Recently, security researchers at Checkmarx discovered a pair of serious vulnerabilities in the popular online meeting website Meetup.
According to the researchers, a hacker could combine cross-site scripting (XSS) with cross-site request forgeries (CSRF) to gain admin privileges on the site.
This would allow them to do anything from changing the details of any user’s events, outright canceling them, exfiltrating user information, and/or redirecting PayPal payments.
The research team discovered that by making use of these two vulnerabilities, it was possible to inject malicious scripts into posts made in the discussions section of the Meetup site. That is a feature enabled by default on every event inside the framework of the system.
Erez Yalon, the Director of Security Research at Checkmarx had this to say about his team’s discovery:
“When you have these two vulnerabilities, it’s basically the Holy Grail for a hacker. Because what it means is if an organizer page runs the script in the browser, we can actually use their role of administrator to do whatever we want.”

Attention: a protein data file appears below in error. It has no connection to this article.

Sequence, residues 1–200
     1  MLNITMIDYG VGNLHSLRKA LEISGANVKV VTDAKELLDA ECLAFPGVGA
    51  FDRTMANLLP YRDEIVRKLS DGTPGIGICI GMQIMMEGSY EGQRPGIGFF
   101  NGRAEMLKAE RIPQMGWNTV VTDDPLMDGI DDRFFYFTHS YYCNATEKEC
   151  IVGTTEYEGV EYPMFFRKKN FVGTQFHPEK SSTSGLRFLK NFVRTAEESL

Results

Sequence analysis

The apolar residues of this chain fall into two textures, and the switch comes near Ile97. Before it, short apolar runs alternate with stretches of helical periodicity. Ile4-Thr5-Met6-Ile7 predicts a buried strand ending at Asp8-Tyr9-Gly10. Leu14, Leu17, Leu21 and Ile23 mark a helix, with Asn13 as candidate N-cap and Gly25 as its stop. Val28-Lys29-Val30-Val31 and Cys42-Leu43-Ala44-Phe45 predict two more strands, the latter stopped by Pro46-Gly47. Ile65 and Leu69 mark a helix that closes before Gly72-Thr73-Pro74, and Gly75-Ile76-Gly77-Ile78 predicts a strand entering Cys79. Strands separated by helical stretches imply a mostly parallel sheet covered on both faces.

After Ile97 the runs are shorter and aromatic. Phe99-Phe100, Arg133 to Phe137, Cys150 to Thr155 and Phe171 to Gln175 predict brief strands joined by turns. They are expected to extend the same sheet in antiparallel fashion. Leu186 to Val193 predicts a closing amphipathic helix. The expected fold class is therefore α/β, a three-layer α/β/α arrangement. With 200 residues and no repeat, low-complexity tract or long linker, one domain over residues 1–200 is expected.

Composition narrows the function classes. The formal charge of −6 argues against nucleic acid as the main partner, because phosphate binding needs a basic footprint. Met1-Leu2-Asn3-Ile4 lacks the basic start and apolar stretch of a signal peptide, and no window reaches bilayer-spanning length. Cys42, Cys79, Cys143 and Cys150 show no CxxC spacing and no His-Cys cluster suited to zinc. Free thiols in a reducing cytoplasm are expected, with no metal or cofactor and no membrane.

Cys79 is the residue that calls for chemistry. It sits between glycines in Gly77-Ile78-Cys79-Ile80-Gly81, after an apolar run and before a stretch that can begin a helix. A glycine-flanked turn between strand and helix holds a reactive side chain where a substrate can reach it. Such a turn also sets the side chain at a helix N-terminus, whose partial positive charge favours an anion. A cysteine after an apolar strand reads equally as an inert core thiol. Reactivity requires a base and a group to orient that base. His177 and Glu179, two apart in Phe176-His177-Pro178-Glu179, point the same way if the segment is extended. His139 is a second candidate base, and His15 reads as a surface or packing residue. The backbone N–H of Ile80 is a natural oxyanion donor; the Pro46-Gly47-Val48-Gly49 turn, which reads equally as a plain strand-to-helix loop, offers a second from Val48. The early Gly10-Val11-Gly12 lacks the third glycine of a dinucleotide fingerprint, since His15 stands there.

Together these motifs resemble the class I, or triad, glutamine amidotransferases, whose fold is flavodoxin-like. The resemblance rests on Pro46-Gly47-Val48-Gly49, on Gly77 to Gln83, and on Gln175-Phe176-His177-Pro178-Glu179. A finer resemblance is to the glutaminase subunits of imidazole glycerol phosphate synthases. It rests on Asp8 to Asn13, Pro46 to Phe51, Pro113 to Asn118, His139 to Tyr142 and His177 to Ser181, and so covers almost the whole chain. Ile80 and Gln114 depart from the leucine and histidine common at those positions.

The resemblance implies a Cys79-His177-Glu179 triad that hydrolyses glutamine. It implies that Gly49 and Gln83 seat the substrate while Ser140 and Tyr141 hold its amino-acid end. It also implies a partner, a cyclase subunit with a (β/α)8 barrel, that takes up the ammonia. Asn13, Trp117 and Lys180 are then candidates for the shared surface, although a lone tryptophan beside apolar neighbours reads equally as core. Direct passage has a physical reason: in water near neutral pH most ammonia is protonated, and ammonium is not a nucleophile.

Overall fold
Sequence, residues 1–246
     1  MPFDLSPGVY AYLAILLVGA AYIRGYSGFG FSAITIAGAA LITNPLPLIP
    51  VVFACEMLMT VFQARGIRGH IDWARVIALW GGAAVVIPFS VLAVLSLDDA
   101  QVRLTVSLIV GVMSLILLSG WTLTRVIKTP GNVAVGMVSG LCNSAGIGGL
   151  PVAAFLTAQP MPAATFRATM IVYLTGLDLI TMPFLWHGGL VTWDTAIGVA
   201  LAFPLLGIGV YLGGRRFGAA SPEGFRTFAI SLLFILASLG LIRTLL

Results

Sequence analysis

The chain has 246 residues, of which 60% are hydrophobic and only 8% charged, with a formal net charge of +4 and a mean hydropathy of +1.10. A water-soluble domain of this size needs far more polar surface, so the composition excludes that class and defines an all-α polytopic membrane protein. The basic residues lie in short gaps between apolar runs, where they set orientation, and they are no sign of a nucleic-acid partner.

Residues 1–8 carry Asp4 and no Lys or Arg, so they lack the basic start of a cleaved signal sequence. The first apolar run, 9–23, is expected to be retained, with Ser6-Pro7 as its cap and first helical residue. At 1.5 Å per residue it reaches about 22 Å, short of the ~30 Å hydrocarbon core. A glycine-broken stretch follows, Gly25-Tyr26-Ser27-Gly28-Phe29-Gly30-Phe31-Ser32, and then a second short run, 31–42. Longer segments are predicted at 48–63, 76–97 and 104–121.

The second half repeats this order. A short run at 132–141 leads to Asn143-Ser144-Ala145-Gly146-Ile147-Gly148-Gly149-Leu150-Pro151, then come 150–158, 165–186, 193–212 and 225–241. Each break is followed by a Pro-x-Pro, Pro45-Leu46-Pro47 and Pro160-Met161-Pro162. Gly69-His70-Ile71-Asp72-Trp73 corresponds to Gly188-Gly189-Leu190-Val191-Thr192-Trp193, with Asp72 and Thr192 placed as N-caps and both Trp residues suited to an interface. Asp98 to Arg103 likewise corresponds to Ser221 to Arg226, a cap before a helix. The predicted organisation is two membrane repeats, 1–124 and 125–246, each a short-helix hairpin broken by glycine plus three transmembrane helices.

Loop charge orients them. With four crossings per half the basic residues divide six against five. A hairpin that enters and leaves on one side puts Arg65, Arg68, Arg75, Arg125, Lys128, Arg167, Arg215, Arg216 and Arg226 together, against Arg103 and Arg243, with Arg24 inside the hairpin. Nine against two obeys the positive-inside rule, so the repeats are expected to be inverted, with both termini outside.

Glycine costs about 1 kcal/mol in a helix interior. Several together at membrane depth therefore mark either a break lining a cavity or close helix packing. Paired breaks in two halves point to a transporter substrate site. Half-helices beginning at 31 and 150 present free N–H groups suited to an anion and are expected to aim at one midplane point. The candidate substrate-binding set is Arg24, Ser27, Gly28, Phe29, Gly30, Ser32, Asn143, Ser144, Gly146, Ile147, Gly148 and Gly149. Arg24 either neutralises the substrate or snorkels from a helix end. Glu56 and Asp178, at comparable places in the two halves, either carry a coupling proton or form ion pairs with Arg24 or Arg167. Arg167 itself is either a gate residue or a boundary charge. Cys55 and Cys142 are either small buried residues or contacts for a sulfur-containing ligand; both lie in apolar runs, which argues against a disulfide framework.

For their part, when Meetup was informed of the pair of vulnerabilities by Checkmarx, they responded quickly and patched the system. As of this moment, neither of the exploits remains functional and there is no evidence that hackers ever made use of them, which definitely counts as a bullet dodged.
Ultimately, the vulnerability was enabled by the fact that it’s possible to add scripts to the discussions page. That is something that could have been prevented if an allow list had been used that specifies exactly what script commands can be used on the page.
Unfortunately, the company used a deny list in this case. A deny list isn’t nearly as effective as a filtering mechanism, because hackers can almost always come up with things a site owner would never consider. They’re always finding ways around any deny list.
In any case, the issue is now resolved, and if you’re a Meetup user, there’s nothing you need to do. Continue making use of the site as you have been.